Saturday, November 09, 2013

Punch Taverns Accounts 2013

OR: Zombies On the Street Corners of Britain.
Punch Failing as Accounts Highlight Inescapably Dodgy Situation
Summary Prepared 4 November 2013 by A B Jacobs

With the annual accounts now published on line it opens up the opportunity to examine the detail in those accounts more closely.  It is interesting to note that this is the first year Punch have attempted to split their data into Core and Non Core businesses.  These are my findings.

1. There are 4096 pubs stated as being worth £2,397 million secures against borrowings, short and long, of £2,619 million.  Shareholders’ funds are stated as being £295 million.

2. The average debt per pub equates to £640k [last year £593k] and they indicate the average value per pub of £643k  [last year £597k].  Even if the extraneous “other” assets and borrowings were set aside the answer would be similar average debt £581k  [£540k] and pubs valued at £585k  [£543k].  Both the average asset value and borrowing per pub has increased over the past year.  These indicate that the borrowing are just about equal to the property value.  But is that correct?  The question must depend on their valuation of properties.  Have they overstated the value of the properties?

3. The statement indicates that Punch have increased their own average gross earnings per pub to £60.8k,[2012-£60.1k] with rent staying at an average of £27k per pub per annum, virtually the same as 2012.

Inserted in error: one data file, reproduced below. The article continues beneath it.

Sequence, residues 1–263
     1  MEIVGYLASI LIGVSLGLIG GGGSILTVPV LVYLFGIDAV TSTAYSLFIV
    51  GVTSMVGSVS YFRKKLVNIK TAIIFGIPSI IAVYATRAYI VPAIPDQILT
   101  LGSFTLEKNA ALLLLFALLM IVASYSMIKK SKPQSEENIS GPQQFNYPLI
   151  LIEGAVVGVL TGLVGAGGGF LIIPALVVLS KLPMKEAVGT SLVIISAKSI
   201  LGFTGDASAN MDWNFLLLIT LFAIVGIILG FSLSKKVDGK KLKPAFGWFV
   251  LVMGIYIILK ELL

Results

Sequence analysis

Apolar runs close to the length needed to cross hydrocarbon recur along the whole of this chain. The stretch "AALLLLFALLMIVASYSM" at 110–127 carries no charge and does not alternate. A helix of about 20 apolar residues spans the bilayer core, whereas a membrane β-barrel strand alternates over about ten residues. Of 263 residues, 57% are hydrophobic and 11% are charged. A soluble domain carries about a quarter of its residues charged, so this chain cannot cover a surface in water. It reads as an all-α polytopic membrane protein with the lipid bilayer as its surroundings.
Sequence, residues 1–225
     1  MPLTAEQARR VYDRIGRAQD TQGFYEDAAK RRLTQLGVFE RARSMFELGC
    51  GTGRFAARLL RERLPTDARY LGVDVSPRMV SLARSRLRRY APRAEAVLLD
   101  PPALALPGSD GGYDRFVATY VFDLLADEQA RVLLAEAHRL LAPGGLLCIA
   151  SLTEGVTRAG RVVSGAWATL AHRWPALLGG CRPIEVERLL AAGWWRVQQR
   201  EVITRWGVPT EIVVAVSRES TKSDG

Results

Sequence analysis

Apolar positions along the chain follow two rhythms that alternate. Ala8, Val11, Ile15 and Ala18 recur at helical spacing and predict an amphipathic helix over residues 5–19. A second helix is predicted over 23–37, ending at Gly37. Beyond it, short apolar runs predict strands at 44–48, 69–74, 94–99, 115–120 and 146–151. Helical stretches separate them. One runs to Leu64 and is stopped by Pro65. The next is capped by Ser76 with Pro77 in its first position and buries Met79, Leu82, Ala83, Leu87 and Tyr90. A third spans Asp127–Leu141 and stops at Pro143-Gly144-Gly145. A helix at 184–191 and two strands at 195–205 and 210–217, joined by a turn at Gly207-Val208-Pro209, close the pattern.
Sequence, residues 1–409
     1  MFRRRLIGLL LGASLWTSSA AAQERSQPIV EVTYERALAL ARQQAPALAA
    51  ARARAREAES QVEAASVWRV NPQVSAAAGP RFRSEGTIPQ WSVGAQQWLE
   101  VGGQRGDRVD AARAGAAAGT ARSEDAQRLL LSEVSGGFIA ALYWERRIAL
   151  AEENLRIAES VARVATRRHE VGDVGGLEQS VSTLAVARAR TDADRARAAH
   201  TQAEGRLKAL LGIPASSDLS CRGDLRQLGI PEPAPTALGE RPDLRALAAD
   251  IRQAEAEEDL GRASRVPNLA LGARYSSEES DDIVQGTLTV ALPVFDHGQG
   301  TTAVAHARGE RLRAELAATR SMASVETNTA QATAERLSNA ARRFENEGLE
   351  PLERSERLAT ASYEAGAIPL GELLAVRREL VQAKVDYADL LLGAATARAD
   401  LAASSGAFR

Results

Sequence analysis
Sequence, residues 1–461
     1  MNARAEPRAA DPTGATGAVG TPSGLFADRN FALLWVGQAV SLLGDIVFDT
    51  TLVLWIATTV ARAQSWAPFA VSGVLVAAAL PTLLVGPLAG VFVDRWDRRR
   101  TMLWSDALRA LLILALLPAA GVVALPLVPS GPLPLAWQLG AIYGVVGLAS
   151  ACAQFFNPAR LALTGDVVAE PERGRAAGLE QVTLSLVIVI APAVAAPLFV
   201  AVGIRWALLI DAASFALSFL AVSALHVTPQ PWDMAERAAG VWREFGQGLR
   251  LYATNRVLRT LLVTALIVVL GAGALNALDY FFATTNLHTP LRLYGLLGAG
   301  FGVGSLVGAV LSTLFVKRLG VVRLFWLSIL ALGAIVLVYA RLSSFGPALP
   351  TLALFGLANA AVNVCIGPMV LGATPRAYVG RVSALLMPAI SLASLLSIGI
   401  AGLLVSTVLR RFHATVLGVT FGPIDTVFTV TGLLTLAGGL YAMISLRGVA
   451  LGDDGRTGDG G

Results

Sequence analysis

4. It is interesting to note that they appear to generate rent for the 2874 core pubs of £34k while the 1222 non-core generate £17k per annum.

5. The £60k average per pub they earn includes the very significant additional wholesale profit of about £14k per pub so the real rent, consisting of wet and lease, is probably £47k per annum. That wholesale profit of £14k per pub is the additional profit generated as a wholesaler and has no relevance to the value of the freehold properties.

6. National statistics indicate that barrelage in the on trade has fallen and that manufacturing prices have increased. The fact that Punch virtually maintained their liquor gross profit margin at 41.8% [last year 42.2%] suggests that they have balanced their cost with the prices charged to tenants.

7. Punch in their rent reviews generally make the assumption that the tenant would earn the same as them, £27k par annum. That assumption would appear to be erroneous considering the independent surveys carried out suggest that at least 67% of pub tenants actually earn only about 50% of that figure, in other words about £15k per annum.

8. With the knowledge of the rental income, wet and lease, averaging £47k and the real income for the average tenant being only £15k it is clear that if those 4096 pubs had been free of tie and owned by the current tenant their average profit would be just £62k per annum.

9. The free of tie profit should be the basis of a pub valuation, mainly because it dictates how much could be borrowed and also the deposit that would be required to secure the borrowing.  This is a very pertinent since it goes towards examining the values that Punch have applied in their Balance Sheet.